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The backstory of SLO Mayor Heidi Harmon's iconic roses 

It all started at an Acapulco Restaurant in Pasadena. That was where the future SLO mayor, Heidi Harmon, would sometimes go to dinner with her mom and sit, entranced by the waitresses wearing giant flowers in their hair.

click to enlarge FLOWER POWER Since her mayoral campaign in 2016, SLO Mayor Heidi Harmon has been associated with a red rose that she wears every day, but the trend actually started 20 years ago. - PHOTO BY JAYSON MELLOM
  • Photo By Jayson Mellom
  • FLOWER POWER Since her mayoral campaign in 2016, SLO Mayor Heidi Harmon has been associated with a red rose that she wears every day, but the trend actually started 20 years ago.

"For me, in my life at that time, they were a totally different kind of experience than what I was having at home," Harmon said.

That image stuck with her, though, as a child who grew up in Pasadena, the city of roses (her great-grandma was even in the first ever rose parade in 1890). When Harmon was around 30 years old and newly divorced, she started wearing a red rose of some sort in her hair every single day, switching it for a white one on occasions such as funerals. Nearly 20 years later, the habit is still going strong.

"That's when I started coming into my full self," Harmon said. "For me it's about remaining myself and remaining courageous, because it takes a surprising amount of courage to wear it. I think people sometimes have a lot of judgment around it."

click to enlarge READING RED The Little Free Library in front of SLO Mayor Heidi Harmon's house in the downtown area is stamped with one of her iconic red roses. - PHOTO BY JAYSON MELLOM
  • Photo By Jayson Mellom
  • READING RED The Little Free Library in front of SLO Mayor Heidi Harmon's house in the downtown area is stamped with one of her iconic red roses.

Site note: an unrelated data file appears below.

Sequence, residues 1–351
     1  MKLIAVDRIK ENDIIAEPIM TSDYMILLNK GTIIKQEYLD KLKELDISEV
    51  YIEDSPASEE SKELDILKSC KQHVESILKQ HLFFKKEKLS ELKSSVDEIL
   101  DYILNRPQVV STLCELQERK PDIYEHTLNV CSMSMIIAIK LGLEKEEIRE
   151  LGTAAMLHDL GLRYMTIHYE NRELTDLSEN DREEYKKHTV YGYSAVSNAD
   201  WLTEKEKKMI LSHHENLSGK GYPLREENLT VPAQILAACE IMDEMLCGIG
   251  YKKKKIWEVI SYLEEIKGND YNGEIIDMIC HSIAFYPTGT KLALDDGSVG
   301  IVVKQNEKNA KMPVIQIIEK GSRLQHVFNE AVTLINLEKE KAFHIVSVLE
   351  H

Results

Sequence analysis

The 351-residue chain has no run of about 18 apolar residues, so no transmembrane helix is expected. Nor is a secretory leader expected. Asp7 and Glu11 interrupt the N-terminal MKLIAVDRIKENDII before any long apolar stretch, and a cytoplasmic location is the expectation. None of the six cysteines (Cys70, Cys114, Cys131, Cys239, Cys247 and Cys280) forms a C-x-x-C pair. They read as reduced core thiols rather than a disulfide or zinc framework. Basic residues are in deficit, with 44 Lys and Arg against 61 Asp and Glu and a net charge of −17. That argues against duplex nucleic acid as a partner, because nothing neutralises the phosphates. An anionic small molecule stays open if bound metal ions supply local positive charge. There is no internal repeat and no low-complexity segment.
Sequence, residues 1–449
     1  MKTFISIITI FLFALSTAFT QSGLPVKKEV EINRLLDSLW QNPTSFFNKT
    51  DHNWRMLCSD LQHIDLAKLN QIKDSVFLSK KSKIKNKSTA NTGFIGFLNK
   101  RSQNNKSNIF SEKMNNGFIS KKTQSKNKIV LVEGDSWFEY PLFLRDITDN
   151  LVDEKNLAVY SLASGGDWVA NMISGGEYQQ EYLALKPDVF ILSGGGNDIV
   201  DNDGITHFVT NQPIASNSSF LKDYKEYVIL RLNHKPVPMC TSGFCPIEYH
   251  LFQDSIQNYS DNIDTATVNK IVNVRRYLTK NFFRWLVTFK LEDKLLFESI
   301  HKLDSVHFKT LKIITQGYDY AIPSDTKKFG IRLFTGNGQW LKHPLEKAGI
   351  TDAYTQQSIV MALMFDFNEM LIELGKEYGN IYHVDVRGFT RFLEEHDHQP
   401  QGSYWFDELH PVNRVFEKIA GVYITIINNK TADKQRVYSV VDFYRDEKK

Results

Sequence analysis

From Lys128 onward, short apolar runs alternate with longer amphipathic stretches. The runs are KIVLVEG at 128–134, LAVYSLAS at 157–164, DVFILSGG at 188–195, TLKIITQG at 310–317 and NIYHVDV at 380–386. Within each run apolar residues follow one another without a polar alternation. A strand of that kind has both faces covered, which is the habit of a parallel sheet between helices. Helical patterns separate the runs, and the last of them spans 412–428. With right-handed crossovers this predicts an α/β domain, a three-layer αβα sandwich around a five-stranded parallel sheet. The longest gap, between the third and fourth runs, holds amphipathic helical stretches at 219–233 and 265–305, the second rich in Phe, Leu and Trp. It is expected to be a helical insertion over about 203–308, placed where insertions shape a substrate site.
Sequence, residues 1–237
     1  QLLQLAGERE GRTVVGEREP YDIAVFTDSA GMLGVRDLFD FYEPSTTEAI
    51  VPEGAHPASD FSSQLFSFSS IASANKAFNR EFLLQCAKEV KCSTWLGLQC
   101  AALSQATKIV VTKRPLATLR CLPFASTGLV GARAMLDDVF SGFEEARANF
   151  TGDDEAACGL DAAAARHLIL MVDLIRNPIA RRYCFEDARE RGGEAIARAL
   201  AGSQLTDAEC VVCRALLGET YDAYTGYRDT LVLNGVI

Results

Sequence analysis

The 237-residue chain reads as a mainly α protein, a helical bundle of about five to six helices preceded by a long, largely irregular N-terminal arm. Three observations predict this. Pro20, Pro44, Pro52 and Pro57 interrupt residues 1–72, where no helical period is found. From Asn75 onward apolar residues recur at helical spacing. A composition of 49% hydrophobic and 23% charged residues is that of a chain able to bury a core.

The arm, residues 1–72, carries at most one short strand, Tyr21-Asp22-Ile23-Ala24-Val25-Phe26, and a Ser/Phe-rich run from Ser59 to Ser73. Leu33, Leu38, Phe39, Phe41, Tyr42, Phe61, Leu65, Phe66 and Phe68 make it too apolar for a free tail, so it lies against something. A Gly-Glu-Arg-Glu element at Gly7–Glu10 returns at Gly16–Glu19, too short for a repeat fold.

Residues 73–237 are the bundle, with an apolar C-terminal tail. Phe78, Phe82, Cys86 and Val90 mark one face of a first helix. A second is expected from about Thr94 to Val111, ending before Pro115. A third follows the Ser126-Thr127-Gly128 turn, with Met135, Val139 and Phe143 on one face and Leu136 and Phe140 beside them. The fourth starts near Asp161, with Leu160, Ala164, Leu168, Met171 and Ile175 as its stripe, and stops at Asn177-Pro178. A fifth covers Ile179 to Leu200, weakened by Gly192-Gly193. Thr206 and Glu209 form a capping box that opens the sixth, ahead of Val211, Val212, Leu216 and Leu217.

Harmon's office is filled with the flower—an abstract rose painting; a watercolor print with a rose and the motto, "Nevertheless she persisted"; a banner with roses drawn on it by local elementary school students; and even a print of Shepard Fairey's political piece Defend Dignity, which features a woman with a red rose in her hair.

The roses Harmon's best known for are the red felt one she wears nearly every day in her hair (exact origins are unknown, though she said it likely came from a thrift store) and the red and white pin she wears that says "Heidi Harmon, Mayor of SLO." Roses are planted in her downtown backyard, another is painted on her Little Free Library out front, and a few roses are sprinkled through the artwork hanging on the walls. But still, the flora in her hair gets the most attention and comments, which Harmon said surprisingly come from other women, like an email she got recently that simply said, "Lose the rose." The woman included her full name, so Harmon looked her up and found she was 75 years old and lives in Cayucos.

click to enlarge ROSES EVERYWHERE The office of SLO Mayor Heidi Harmon is filled with rose-inspired artwork, many made and gifted by friends. - PHOTO BY JAYSON MELLOM
  • Photo By Jayson Mellom
  • ROSES EVERYWHERE The office of SLO Mayor Heidi Harmon is filled with rose-inspired artwork, many made and gifted by friends.

"I think for women in the generation or two above me, they really were not invited to be their full selves," Harmon said. "And they weren't really allowed to be in positions of power or politics, and if they were able to ascend in any way, they really had to do it from the masculine. They couldn't do it with any sense of style or flair or uniqueness, whatever that is for them."

When Harmon ran for mayor of SLO in 2016 she didn't plan on the rose becoming a political symbol of sorts, it just happened naturally. Her friend designed the pin that now compliments the felt rose in her hair, and then-incumbent Mayor Jan Marx, Harmon's opponent, called her "flamboyant."

click to enlarge PHOTO BY JAYSON MELLOM
  • Photo By Jayson Mellom

"Women are really judged by how they look, whatever field they're in, but especially politics," Harmon said. "People really confuse solemnity for seriousness. I feel confident enough in my knowledge and skill set to do the work I'm doing without having to be this super serious, more masculine type of person." Δ

Arts Editor Ryah Cooley has a soft spot for tulips and sweet peas at rcooley@newtimesslo.com.


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